Albena, Bulgaria

Bulgaria is a politically stable country, and the introduction of a currency board in 1997 stabilised the country's economy. However, as is the case elsewhere in Central and Eastern Europe, legislation, including that governing real estate, is volatile and subject to frequent change.

A foreign investor can invest in properties in Bulgaria either directly or through a local entity. Only Bulgarian-resident individuals and entities can acquire title to land, while non-residents may acquire only buildings and limited rights (e.g., leasehold and construction rights) to land. In some limited cases, acquisition of immovable property by non-residents requires prior permission of the Ministry of Finance.
Foreign investors are guaranteed full repatriation of profits resulting from an investment in Bulgaria. The transfer abroad can be made only after the bank effecting the transfer is presented a certificate proving payment of all Bulgarian taxes due.

Bulgaria has one of the most liberal foreign investment laws in the region. Foreign investment typically assumes one of the following forms: establishing a joint venture with existing companies, state-owned or private; acquiring a company through privatization; setting up a new (green field) venture; or making a portfolio investment. Portfolio investment has been minimal given the relative lack of development and inefficiencies of the capital markets.

The most common type of organization for foreign investors is a limited liability company. Other forms are companies limited by shares (joint stock companies), joint enterprises, business associations, general partnerships, limited partnerships, and sole proprietorships.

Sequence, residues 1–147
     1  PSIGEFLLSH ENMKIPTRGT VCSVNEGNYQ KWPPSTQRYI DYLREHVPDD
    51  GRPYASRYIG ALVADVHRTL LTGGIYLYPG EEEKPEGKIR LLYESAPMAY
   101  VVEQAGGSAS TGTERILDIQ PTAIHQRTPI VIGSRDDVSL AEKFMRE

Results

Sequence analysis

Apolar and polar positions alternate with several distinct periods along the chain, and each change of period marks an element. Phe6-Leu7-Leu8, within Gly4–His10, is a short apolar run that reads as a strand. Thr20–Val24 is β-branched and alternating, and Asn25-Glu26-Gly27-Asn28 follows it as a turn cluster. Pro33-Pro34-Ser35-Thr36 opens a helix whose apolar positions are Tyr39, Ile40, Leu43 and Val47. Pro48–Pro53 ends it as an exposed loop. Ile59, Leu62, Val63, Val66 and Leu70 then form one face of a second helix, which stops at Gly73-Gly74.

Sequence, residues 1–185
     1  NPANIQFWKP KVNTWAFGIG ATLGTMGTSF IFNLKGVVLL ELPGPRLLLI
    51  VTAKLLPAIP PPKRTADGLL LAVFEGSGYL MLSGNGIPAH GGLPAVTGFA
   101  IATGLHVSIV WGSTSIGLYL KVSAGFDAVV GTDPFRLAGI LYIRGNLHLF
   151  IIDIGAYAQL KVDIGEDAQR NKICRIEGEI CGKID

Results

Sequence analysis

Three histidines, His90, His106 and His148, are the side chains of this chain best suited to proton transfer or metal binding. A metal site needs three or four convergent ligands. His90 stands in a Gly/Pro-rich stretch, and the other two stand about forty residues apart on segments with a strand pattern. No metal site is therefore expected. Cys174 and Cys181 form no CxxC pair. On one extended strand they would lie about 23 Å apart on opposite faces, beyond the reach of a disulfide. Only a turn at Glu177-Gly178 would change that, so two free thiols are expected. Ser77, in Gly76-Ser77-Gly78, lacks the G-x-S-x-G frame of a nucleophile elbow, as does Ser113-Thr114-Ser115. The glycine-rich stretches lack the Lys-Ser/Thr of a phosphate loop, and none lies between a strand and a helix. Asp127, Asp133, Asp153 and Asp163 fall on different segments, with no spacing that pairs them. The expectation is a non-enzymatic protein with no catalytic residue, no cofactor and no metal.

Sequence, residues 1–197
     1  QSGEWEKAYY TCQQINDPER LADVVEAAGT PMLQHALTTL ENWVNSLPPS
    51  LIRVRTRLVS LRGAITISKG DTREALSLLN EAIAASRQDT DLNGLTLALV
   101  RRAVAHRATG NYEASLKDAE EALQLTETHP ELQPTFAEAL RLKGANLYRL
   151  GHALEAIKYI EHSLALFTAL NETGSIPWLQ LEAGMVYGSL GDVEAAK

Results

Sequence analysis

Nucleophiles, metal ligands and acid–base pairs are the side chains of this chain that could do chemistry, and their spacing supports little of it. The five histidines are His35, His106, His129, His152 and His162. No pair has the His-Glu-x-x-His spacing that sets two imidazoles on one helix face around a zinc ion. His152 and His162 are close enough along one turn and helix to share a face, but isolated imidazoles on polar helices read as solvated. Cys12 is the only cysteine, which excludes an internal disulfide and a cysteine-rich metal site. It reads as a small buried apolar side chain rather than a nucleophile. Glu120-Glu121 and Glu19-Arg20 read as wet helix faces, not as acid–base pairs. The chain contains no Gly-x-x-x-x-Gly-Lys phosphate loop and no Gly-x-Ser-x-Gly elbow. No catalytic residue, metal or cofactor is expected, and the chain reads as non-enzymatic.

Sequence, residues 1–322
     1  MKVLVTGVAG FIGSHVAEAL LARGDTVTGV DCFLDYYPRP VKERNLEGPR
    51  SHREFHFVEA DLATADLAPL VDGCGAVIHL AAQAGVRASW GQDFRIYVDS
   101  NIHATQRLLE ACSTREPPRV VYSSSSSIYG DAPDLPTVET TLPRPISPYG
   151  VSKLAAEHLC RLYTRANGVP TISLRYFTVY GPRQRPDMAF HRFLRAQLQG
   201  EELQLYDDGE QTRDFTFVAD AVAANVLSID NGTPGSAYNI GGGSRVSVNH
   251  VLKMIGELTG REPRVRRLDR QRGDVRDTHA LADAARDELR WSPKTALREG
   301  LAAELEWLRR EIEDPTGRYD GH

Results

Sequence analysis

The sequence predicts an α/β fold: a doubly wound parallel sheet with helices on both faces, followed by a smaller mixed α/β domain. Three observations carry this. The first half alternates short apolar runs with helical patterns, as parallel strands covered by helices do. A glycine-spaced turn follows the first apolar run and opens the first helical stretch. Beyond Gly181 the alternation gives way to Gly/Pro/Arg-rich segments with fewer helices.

The law does not limit the extent or amount of foreign participation in companies. Foreign companies have the right to open deposit accounts in hard currency and Bulgarian leva.

Property Taxes:
Transfer taxes
The transfer is subject to notary and municipal fees. The notary fees are paid on the higher of the market price or the book value of the property at varying rates, specified in a special chart. In addition, 2% of the market value of the property is paid to the municipality where the real property is located.
Value Added Tax
Transactions with land and lease of property for residential purposes are exempt from Value Added Tax (VAT). All other real estate transactions are subject to VAT at the uniform rate of 20%. The buyer/lessee is entitled to a VAT refund, provided that it is registered for VAT purposes.